Brian Pettyjohn attempted to bring a loaded gun on a commercial aircraft. A preliminary hearing for Sen. Pettyjohn has been scheduled July 25 in Wicomico County District Court.
UPDATE: A preliminary hearing for Sen. Pettyjohn has been scheduled for July 25 in Salisbury's Wicomico County District Court.
Delaware State Sen. Brian Pettyjohn (R-Georgetown) has been charged by the Wicomico County, Maryland Sheriff’s Office with attempting to bring a firearm on a commercial aircraft.
"It's just one of those things where I didn't check that one little flap, and there it was," Pettyjohn told The News Journal. "Sometimes mistakes happen, whether you're a legislator or not."
The 43-year-old senator was attempting to fly out of the Salisbury Regional Airport in Salisbury, Maryland to a conference in Louisiana on Thursday, June 22. Around 8:10 a.m., a Transportation Security Administration officer found a loaded handgun in Pettyjohn’s carry-on bag. He was detained and the handgun seized, but eventually able to continue on to Louisiana.
Though TSA press releases from other Maryland counties indicate individuals found to attempt to bring a firearm on a commercial aircraft are usually arrested, Wicomico County Sheriff Mike Lewis tells Sussex Living:
"In the absence of a criminal record, individuals arrested for handgun offenses such as the one involving Senator PettyJohn (sic) are normally released on their own recognizance.... We’ve had at least two previously documented cases here in Wicomico County. In each case, I’m told the Wicomico County Sheriff’s Office handled them exactly like we did in the current case involving Senator PettyJohn (sic). [He] was detained long enough to interview him about the crime, conduct the appropriate background investigation to make certain he was not prohibited from possessing a firearm, that there were no open protective/peace orders against him, and to confirm his itinerary."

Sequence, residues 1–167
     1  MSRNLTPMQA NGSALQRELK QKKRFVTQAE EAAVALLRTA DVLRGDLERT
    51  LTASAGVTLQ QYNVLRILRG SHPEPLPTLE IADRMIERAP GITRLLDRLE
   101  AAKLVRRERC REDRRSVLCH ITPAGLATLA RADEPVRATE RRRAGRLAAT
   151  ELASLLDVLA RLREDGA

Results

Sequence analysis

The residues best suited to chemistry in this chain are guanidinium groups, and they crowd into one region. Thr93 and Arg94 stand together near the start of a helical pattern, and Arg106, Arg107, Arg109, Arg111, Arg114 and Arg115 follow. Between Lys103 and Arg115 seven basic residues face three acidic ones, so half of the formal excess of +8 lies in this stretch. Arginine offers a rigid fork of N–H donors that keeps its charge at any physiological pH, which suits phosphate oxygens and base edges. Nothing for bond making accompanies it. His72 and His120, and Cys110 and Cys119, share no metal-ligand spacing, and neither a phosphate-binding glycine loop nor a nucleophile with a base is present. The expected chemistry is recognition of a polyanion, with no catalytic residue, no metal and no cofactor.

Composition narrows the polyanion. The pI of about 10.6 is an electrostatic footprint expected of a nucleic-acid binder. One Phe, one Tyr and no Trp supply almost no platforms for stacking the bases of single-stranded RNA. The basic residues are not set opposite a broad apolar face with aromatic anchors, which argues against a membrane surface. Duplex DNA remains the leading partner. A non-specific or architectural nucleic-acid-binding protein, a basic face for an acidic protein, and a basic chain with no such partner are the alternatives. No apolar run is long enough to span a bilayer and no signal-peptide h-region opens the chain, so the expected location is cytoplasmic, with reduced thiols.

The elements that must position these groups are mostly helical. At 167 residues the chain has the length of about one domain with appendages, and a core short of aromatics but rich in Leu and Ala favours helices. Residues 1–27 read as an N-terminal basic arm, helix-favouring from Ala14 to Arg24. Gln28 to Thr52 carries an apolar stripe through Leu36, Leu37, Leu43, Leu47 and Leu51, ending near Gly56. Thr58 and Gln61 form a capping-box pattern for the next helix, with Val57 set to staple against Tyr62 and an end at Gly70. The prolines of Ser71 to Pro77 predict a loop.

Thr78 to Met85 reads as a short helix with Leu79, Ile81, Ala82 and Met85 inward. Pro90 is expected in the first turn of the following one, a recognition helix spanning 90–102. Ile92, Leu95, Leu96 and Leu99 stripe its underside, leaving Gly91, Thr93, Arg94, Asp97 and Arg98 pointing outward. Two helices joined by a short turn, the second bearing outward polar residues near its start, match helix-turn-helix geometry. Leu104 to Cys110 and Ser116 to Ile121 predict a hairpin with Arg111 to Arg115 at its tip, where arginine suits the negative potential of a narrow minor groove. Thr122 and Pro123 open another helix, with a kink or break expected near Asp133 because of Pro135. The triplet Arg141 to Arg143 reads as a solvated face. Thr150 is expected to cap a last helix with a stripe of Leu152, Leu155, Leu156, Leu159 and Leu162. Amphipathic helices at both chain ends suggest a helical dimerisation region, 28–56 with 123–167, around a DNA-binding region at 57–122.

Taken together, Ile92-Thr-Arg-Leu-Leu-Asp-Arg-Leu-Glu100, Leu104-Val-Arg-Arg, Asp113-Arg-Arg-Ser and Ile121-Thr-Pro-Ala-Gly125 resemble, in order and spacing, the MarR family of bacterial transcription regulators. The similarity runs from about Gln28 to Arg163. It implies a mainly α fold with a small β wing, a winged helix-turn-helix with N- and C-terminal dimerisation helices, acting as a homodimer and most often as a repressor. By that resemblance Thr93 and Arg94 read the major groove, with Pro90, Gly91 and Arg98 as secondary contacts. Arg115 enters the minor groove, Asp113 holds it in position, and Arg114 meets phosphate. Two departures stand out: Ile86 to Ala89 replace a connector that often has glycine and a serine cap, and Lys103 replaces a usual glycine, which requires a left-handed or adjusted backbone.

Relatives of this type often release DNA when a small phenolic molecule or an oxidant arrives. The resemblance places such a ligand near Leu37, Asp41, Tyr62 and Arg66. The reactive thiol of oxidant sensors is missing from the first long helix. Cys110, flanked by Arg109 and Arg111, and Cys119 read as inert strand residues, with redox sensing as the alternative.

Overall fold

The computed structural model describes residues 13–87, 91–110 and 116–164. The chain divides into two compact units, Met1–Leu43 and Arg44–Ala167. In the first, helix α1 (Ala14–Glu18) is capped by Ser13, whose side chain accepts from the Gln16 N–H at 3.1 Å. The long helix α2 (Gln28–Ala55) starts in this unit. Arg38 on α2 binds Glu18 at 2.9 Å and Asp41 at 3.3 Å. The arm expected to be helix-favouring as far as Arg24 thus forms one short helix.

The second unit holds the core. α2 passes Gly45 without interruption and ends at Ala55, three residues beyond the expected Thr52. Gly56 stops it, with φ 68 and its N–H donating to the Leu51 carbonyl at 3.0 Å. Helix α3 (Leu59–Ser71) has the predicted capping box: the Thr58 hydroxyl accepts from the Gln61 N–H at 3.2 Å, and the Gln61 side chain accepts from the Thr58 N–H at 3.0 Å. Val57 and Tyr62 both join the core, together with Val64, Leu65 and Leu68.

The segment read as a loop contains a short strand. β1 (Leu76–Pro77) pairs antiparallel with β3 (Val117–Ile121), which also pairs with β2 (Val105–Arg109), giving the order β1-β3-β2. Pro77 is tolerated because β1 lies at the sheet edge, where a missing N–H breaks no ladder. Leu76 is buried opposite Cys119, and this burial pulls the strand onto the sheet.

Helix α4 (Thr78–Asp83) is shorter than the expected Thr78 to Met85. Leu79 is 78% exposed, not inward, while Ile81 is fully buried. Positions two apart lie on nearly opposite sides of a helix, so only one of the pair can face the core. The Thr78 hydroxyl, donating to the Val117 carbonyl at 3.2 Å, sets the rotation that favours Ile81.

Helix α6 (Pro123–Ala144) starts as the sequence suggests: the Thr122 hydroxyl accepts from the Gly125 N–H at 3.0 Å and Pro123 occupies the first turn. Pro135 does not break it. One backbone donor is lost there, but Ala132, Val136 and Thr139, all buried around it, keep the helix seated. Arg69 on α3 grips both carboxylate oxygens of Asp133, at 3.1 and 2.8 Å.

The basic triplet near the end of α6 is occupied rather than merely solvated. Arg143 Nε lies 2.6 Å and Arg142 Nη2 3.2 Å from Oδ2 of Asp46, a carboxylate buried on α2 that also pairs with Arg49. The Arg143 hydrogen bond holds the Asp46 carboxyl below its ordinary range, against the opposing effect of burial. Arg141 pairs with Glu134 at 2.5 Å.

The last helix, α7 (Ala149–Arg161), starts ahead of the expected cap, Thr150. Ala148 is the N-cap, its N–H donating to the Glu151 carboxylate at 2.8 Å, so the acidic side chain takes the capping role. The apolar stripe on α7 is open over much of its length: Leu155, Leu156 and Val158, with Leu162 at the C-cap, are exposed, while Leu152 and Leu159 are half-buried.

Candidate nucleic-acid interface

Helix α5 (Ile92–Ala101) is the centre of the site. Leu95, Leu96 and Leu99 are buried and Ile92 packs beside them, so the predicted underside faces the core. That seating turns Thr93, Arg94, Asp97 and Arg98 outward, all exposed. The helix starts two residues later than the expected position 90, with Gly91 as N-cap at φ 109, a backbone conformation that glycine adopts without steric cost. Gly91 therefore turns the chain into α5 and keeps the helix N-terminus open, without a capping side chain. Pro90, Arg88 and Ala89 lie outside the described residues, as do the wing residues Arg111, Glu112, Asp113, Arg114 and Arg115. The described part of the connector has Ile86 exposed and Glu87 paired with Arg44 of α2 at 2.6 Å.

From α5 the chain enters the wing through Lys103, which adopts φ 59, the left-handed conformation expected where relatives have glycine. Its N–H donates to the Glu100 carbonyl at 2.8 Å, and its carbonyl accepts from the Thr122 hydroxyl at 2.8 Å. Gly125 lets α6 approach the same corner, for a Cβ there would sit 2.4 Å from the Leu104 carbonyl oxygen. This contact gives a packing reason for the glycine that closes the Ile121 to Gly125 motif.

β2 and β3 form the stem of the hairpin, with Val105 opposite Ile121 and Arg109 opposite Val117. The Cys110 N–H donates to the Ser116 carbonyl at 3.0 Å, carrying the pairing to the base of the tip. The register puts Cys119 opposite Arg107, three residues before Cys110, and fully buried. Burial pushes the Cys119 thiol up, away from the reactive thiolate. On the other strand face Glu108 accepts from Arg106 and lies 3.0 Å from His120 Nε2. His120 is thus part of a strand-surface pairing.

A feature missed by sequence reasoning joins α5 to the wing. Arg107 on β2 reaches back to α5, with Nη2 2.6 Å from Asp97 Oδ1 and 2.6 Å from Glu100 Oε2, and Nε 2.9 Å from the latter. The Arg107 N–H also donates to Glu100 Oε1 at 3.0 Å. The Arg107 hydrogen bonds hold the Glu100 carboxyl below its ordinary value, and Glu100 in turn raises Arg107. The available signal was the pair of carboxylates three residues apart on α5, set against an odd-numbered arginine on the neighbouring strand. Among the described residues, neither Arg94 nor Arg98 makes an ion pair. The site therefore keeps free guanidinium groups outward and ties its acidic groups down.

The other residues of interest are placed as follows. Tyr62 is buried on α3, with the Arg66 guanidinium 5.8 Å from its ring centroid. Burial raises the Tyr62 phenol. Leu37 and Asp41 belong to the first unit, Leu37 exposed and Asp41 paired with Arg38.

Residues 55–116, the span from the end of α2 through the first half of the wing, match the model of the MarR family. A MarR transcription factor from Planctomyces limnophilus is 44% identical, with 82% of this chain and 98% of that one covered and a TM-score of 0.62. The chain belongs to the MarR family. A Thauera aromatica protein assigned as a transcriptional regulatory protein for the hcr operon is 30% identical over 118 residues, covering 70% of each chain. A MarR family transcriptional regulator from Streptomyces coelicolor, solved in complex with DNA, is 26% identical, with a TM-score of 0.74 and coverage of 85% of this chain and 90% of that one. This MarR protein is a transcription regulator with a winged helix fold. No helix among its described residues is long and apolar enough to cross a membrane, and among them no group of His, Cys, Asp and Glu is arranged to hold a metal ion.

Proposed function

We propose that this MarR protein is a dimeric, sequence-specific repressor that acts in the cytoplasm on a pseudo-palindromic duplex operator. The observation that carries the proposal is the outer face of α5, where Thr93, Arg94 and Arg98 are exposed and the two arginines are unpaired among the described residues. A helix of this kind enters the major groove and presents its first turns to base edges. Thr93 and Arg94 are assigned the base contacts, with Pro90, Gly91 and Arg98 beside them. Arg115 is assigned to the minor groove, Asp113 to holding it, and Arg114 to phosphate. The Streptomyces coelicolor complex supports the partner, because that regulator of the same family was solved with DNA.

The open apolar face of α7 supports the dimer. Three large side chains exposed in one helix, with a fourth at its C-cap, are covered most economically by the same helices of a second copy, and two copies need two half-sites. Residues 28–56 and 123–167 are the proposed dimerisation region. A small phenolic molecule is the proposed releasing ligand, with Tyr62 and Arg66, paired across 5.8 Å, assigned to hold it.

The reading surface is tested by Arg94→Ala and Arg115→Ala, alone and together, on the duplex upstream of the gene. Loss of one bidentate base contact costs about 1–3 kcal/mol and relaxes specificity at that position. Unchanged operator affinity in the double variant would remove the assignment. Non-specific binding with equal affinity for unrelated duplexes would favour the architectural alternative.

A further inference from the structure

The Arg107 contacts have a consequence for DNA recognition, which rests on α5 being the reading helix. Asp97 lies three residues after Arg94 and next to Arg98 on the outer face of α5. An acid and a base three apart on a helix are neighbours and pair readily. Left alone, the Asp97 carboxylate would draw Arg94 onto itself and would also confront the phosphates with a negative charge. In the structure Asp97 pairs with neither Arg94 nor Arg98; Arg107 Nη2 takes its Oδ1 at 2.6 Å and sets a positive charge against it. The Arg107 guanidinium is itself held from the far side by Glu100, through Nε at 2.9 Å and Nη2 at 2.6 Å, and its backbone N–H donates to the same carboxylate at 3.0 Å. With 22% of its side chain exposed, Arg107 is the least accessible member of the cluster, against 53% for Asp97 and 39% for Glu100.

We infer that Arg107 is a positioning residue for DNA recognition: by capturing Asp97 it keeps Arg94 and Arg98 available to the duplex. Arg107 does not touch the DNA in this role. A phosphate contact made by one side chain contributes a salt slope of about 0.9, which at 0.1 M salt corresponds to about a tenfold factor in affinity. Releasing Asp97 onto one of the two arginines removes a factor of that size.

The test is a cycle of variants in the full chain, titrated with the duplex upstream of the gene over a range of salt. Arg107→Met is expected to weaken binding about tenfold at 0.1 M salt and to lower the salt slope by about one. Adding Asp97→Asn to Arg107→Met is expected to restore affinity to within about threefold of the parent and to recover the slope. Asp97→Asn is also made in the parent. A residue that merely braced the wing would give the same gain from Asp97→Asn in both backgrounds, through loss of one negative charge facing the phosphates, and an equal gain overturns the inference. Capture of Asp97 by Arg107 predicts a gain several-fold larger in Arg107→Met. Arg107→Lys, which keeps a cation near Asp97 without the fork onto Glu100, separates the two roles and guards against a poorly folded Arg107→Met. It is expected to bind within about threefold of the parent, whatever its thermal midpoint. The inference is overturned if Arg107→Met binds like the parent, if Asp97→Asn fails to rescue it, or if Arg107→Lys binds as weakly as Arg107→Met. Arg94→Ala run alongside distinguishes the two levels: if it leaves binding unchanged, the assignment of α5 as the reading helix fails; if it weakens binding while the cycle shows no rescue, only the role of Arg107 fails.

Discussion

Lewis went on: "He normally carries his weapon for self-protection, has a permit in Delaware to carry this weapon for self-protection, and was negligent in not removing the weapon from his carryon (sic) bag."
The WCSO deputy assigned to the case presented an application for charges to the District Court Commissioner, who issued a criminal summons. As of 3 p.m. Monday, June 26, Pettyjohn had not yet been issued that summons, according to both WCSO Lt. Tim Robinson and Pettyjohn’s attorney, Bruce Rogers. Pettyjohn is due back in Delaware today, Monday, June 26.
Maryland does not honor Delaware concealed carry licenses; Louisiana does. Robinson said Pettyjohn was not charged with carrying a concealed deadly weapon because it is a lesser crime than attempting to bring a firearm on a commercial aircraft, which is a felony and punishable by up to ten years in prison.
TSA Press Secretary Lisa Farbstein said that individuals that bring firearms to an airport security checkpoint are subject to civil penalties from TSA of up to $12,000. Typically, she said, a first offense for bringing a firearm to a checkpoint incurs a $3,000 fine.
According to Farbstein, airline passengers can travel with a firearm, but only in a checked bag, never a carry-on, and only after following proper procedure.
Pettyjohn first became a state senator in 2012. He ran unopposed in 2016, and his term lasts through 2020.
Delaware Department of Elections Commissioner Elaine Manlove could not think of an instance in Delaware history in which a legislator was convicted of a felony, but pointed to the Delaware Constitution, Article II, Section 21, which states: "[n]o person who shall be convicted of embezzlement of the public money, bribery, perjury or other infamous crime, shall be eligible to a seat in either House of the General Assembly, or capable of holding any office of trust, honor or profit under this State."
The definition of "infamous crime" is up for debate, and it's not clear if that provision applies to a legislator in office and/or a legislator attempting to run for reelection.